We have a big dog. Large by any standard--treat size, food type, kennel cost or flea prescription--Benny's weight hovers just below 100 pounds. Over 7 years we've come to know him affectionately by numerous names: Puppy Precious, Gentle Ben, Big Ben, Charlie Tiger Lion (Reid's redub of the MGM lion), Old Yeller, New Yeller, Benny Boy, and Aslan.
He stands guard like a sphinx at several sunny posts in our backyard. He is an early warning system for both the UPS truck and pedestrians slowing in front of our house. Often he howls without leaving his spot and even from an upside down prone posture in his corner of the living room. No need to get up, just sounding an alert. He is ever on guard whether at the back fence or the front door, waiting...watching. In addition to being a guard dog, he's a big hunk-a-munk who sleeps at the foot of Allie's bed and plops on my feet while I prep food at the kitchen counter. If you know him intimately as we do, he's a tender heart.
If you don't, he is easily mistaken for Cujo (especially from the other side of a closed door). His seriously startling bark puts the postwoman off several yards when she has to deliver an oversized package. The burliest contractors are caught unaware (until they toss his tennis ball).
The Lord speaks to me through Benney. Yesterday it happened again. Walking him around our loop, we passed a woman tangled up with two miniature dogs. They yipped and yapped at my Big Ben from all the way across the street. Ben is easily 5 times their size yet they feel the compunction to get his dander up. It didn't work.
I imagined the thought bubble over his head, "You gotta be kidding me...really?" Ben kept his stately pace, glanced over but did not dignify them with a response. He didn't have to. He knows the strength of his jaw alone could crush a pack of papillons. There was no need to bark.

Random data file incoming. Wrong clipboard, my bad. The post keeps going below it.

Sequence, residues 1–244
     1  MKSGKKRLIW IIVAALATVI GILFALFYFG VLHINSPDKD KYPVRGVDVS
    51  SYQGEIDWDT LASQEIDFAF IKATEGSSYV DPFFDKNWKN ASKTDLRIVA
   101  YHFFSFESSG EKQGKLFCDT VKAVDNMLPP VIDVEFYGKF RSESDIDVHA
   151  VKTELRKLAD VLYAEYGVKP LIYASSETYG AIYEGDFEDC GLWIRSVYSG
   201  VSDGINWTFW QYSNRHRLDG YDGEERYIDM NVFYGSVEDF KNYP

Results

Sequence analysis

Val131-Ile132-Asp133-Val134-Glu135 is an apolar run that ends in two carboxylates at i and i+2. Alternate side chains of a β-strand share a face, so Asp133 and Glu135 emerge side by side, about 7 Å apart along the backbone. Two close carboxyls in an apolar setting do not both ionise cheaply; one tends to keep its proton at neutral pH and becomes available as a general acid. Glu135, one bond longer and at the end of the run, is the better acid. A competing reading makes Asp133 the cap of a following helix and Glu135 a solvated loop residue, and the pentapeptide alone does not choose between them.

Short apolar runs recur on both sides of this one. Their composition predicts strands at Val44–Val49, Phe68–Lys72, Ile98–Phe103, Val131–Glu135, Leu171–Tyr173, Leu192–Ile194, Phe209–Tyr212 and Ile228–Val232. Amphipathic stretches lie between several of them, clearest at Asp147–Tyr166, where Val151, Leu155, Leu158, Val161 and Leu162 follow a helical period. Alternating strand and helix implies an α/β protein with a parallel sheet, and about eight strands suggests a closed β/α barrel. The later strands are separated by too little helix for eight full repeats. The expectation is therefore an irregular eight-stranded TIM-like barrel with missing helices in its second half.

I've been praying in new ways this year, casting out demons, taking authority over principalities and rulers of darkness, and reading Jesus' words literally when it comes to healing. In establishing this new habit, at first I think I yelled or at least raised my voice slightly thinking that must be necessary for these more powerful prayers to work. At times, I felt the need to call in others who knew the "right way" or had more authority or experience. Rather quickly, I've seen that it is not about the volume, amount of noise, or how loud our bark.
God's Word is more powerful than any two-edged sword. When we claim His promises, even silently, it suppresses the enemy spirits that yap in our minds taunting us with lies. Believing the power of His blood shed on the cross and knowing the authority we have in Jesus' name is the strength we need in spiritual warfare. When we do, His victory is ours (Romans 8).
The Lord has many names: Savior, Almighty, Commander of the Angel Armies, Provider, Brother, Yahweh, Healer, Protector. To know Him intimately is different than to hear His thunderous voice from afar or read about His wrath. Once you trust Him there is no fear--of Him or anything else.
Notably, Benney only barks when contained at home, not out on a leash. As long as we're connected, Benney and I carry on with our walk and those pesky little spirits flee like a terrier on a tether. Likewise, as long as I'm connected with Jesus (abiding as the Bible calls it; He as the vine, I the branches), I carry on with life dismissing as many demons as He lets me sense. For I know without a doubt, that my God is greater, awesome in power...Our God...Our God... Doesn't take long to remind me of a song:
(Apologies to my small dog owning friends. It's just a metaphor.)
"Here's what I'm saying: Ask and you'll get; Seek and you'll find; Knock and the door will open. Luke 11:8-10